Tiny Deathstars of Foulness

Over the users I’ve written a good bit about pushing a workload off to a virtual machine sitting in a data center somewhere. The Google CloudPlatform has matured a lot and I haven’t really gotten around to writing about it. So… It’s worth going into their SDK and what it looks like from a shell using some quick examples. For starters, you’ll need an account with Google Cloud Platform, at and you’ll want to go ahead and login to the interface, which is pretty self-explanatory (although at first you might have to hunt a little for some of the more finely grained features, like zoning virtual instances.


The SDK will include the gcloud command, which you’ll use to perform most tasks in the Google CloudPlatform. To install the SDK, go to and download the appropriate version for your computer. If you’re on a mac, most likely the x86_64 version. Next, move the downloaded folder to a permanent location and run the inside it, which will kindly offer to add gcloud to your path. ./
Welcome to the Google Cloud SDK! To help improve the quality of this product, we collect anonymized usage data and anonymized stacktraces when crashes are encountered; additional information is available at <>. You may choose to opt out of this collection now (by choosing ‘N’ at the below prompt), or at any time in the future by running the following command: gcloud config set disable_usage_reporting true Do you want to help improve the Google Cloud SDK (Y/n)?  y Modify profile to update your $PATH and enable shell command completion? Do you want to continue (Y/n)?  y The Google Cloud SDK installer will now prompt you to update an rc file to bring the Google Cloud CLIs into your environment. Enter a path to an rc file to update, or leave blank to use [/Users/charlesedge/.bash_profile]: Backing up [/Users/charlesedge/.bash_profile] to [/Users/charlesedge/.bash_profile.backup]. [/Users/charlesedge/.bash_profile] has been updated. ==> Start a new shell for the changes to take effect. For more information on how to get started, please visit:
Inside that bin folder, you’ll find the gcloud python script, which once installed, you can then run. Next, you’ll need to run the init, which links it to your CloudPlatform account via oauth. To do so, run gcloud with the init verb, which will step you through the process: gcloud init
Welcome! This command will take you through the configuration of gcloud. Your current configuration has been set to: [default] You can skip diagnostics next time by using the following flag: gcloud init –skip-diagnostics Network diagnostic detects and fixes local network connection issues. Checking network connection…done. Reachability Check passed. Network diagnostic (1/1 checks) passed. You must log in to continue. Would you like to log in (Y/n)? y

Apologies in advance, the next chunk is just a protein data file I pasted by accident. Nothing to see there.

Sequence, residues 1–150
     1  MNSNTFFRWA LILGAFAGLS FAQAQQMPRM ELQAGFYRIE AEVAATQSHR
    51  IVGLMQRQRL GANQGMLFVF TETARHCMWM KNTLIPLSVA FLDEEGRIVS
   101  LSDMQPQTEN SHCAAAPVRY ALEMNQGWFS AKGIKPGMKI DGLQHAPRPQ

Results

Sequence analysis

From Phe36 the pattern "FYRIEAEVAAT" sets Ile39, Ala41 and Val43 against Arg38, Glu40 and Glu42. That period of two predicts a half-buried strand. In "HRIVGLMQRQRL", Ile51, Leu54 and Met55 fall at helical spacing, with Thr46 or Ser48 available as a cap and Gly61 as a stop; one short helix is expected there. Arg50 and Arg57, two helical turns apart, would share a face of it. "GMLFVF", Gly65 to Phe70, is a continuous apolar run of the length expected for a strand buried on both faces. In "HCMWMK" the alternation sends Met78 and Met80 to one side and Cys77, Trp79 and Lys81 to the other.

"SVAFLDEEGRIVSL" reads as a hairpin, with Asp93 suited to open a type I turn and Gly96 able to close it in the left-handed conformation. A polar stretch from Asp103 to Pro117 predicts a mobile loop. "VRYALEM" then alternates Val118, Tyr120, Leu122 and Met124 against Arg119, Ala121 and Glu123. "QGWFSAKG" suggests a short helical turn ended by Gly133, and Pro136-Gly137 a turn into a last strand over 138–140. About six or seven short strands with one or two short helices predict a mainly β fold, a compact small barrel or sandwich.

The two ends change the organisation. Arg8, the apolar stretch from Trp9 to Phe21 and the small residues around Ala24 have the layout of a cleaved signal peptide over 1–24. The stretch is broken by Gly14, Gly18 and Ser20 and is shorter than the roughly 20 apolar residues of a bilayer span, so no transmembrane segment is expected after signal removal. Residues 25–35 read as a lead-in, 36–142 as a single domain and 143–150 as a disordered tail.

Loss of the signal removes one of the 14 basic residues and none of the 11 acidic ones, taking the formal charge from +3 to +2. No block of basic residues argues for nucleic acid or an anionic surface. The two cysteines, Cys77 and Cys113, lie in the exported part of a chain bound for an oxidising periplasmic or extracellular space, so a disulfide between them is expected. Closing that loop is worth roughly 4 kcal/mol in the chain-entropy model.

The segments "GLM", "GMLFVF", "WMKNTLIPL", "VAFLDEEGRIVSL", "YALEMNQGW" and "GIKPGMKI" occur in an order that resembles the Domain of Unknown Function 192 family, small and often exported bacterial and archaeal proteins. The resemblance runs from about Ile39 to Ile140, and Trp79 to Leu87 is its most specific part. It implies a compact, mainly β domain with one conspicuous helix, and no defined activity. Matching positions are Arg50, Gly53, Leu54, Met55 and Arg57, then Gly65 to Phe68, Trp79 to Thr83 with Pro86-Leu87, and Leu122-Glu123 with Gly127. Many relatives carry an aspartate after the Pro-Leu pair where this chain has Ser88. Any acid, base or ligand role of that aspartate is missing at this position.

If you say yes in the above screen, your browser will then prompt you with a standard Google oauth screen where you’ll need to click Allow. Now go back to Terminal and pick a “Project” (when you set up billing the default was created for you):
Pick cloud project to use: [1] seventh-capsule-138123 [2] Create a new project Please enter numeric choice or text value (must exactly match list item): 1

The Command Line

Next, we’re gonna’ create a VM. There are several tables that lay out machine types. Let’s start by listing any instances we might have: gcloud compute instances list
Listed 0 items.
Note: If you have a lot of these you can use  --regexp to filter them quickly. Then let’s pick a machine type. A description of machine types can be found at And an image. Images can be seen using the compute command with images and then list, as follows: gcloud compute images list Now, let’s use that table from earlier and make a custom machine using an ubuntu uri, a –custom-cpu and a –custom-memory: gcloud compute instances create krypted1 –image –custom-cpu 2 –custom-memory 5 You’ll then see that your VM is up, running, and… has an IP:
Now let’s SSH in: gcloud compute ssh krypted1 This creates ssh keys, adds you to the hosts and SSH’s you into a machine. So viola. You’re done. Oh wait, you don’t want to leave it running forever. After all, you’re paying by the minute… So let’s list your instances: gcloud compute instances list Then let’s stop the one we just created: gcloud compute instances stop krypted1 And if you’d like, tear it down: gcloud compute instances delete krypted1 Overall, super logical, very easy to use, and lovely command line environment. Fast, highly configurable VMs. Fun times!

May 18th, 2017

Posted In: cloud, Mac OS X, Ubuntu, Unix

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